Muskoka Fire Danger Rating now being monitored across the district
Firefighters battle a fire. Photo by James Bowler/99.5 Moose FM/Vista Radio
The fire season is underway, and officials are keeping an eye on the danger rating. The Huntsville Fire Department says the Muskoka Fire Danger Rating is monitored from the beginning of April until the end of October, which is verified every day and updated when the rating changes. Right now, the rating is set at low and you can stay up-to-date by calling 1-877-847-1577.
The rating is determined through an international method of determining the risk of fires in open-air, called the Fire Weather Index. It looks at humidity, temperature, rain, wind direction and wind speed. The fire chiefs of the six municipalities in Muskoka and the Ministry of Natural Resources and Forestry consult to make the rating.
The No Daytime Burning bylaw is now in effect for Muskoka, which means open-air burning isn’t allowed between 8:00am and 6:00pm. Campfires are allowed at night, however they must be within an open air burning device or fire pit that’s no bigger than two feet by two feet, according to Huntsville and Bracebridge bylaws. The fire pit also has to be at least 20 feet from any adjacent property or combustible object. Recreational fires can’t be used to burn yard waste, including leaves, green wood, grass and pine needles. It also has to be attended at all times with water or an extinguisher nearby and must be fully out at the end of the night.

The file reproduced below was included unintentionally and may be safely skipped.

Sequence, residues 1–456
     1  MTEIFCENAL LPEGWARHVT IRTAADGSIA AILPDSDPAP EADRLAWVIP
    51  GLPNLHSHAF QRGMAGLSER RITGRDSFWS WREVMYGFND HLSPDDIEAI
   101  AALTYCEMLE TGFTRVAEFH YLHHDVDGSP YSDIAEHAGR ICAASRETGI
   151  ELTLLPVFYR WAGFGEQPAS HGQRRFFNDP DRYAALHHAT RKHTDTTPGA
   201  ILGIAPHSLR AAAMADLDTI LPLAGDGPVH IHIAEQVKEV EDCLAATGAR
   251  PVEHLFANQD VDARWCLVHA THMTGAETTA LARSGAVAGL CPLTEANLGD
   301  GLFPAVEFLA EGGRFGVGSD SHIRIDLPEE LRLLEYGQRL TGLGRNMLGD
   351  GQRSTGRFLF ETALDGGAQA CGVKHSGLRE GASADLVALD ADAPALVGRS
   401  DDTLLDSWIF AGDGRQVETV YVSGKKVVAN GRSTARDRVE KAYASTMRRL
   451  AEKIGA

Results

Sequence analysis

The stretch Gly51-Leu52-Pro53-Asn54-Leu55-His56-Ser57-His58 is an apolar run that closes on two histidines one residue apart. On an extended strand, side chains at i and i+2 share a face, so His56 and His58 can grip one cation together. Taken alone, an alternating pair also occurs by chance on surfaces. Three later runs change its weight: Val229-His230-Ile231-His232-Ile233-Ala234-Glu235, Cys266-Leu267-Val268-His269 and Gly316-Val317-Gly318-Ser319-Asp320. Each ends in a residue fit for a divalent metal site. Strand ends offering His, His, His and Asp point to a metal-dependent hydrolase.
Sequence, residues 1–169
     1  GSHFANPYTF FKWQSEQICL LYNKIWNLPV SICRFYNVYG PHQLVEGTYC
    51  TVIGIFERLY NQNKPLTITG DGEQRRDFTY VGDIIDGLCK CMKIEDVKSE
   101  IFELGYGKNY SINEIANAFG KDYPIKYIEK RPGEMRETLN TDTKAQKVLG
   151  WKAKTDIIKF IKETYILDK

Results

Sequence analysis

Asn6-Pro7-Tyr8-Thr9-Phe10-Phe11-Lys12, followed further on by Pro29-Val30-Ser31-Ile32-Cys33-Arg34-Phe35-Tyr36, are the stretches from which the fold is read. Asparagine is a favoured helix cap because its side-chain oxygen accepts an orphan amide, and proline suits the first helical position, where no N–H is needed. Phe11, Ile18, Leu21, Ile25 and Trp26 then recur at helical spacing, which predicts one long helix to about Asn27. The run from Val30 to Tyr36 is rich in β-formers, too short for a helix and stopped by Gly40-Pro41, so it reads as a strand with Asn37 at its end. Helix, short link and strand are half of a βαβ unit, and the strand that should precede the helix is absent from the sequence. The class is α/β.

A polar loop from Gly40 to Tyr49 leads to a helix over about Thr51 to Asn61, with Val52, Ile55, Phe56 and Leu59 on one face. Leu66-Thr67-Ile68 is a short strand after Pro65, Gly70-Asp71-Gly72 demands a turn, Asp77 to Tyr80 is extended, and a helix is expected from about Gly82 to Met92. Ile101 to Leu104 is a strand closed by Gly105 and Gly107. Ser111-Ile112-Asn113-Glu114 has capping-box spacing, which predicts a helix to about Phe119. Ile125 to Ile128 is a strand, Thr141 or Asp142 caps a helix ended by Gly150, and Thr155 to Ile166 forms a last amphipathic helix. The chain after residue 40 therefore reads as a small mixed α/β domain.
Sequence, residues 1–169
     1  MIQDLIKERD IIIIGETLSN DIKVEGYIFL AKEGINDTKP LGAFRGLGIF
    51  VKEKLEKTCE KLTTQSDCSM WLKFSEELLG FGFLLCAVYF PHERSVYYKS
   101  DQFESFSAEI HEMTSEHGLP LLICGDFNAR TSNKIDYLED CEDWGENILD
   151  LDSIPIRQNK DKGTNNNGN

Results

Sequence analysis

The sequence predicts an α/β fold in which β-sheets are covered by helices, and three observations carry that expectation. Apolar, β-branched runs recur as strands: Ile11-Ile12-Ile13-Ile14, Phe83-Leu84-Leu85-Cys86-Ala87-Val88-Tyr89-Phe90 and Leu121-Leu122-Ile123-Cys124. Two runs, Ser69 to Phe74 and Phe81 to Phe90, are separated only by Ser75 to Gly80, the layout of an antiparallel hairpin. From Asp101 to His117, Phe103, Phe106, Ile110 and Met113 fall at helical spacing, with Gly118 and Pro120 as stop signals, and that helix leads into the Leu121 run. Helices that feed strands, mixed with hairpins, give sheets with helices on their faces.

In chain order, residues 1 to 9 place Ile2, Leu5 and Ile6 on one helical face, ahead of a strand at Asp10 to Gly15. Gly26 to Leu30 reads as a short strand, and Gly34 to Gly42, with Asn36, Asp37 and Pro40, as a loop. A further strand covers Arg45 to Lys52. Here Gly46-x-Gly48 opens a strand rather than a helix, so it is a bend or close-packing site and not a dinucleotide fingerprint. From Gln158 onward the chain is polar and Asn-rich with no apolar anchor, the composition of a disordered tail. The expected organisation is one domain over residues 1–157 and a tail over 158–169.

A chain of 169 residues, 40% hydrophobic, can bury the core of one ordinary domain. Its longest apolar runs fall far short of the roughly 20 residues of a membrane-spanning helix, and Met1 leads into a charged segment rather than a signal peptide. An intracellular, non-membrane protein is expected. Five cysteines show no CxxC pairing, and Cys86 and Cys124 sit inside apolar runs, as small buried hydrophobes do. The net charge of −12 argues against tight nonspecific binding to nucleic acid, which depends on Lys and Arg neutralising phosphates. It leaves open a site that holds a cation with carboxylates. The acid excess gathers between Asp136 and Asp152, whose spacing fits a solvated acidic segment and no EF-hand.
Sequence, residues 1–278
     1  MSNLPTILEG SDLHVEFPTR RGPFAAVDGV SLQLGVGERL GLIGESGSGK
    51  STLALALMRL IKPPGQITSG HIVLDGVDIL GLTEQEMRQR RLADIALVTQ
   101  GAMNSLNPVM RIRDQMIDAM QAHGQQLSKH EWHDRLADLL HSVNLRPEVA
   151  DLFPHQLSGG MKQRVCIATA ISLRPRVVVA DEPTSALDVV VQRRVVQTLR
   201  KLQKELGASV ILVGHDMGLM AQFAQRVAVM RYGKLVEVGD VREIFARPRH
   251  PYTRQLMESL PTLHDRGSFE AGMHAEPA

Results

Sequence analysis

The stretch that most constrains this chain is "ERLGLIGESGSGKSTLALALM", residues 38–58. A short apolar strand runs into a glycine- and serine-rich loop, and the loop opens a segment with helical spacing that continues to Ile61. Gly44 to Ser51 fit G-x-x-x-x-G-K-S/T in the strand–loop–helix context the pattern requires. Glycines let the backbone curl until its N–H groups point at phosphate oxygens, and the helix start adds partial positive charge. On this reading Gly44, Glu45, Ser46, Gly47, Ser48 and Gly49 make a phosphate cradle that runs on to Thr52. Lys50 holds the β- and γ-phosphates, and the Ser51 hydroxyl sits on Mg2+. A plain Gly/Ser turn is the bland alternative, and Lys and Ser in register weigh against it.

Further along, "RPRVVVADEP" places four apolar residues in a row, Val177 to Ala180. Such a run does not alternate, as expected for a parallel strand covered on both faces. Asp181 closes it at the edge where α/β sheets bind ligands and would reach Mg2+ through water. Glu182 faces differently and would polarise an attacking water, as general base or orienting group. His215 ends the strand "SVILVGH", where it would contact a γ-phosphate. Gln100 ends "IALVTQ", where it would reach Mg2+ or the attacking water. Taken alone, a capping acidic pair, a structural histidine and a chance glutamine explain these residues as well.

Barbecues are exempt from the bylaw, as long as it’s supervised at all times and uses charcoal, briquette, natural gas or propane.
The Ministry of Natural Resources and Forestry is always raising awareness about the risks of forest fires. Officials say people are spending more time in forested areas as community limits extend, which means being safety conscious and fire smart is so important. Last year, the MNRF recorded 776 forest fires in Ontario, up from the 641 in 2016. So far, none are burning in the province.
MNRF is giving you tips to prevent starting a major forest fire in Muskoka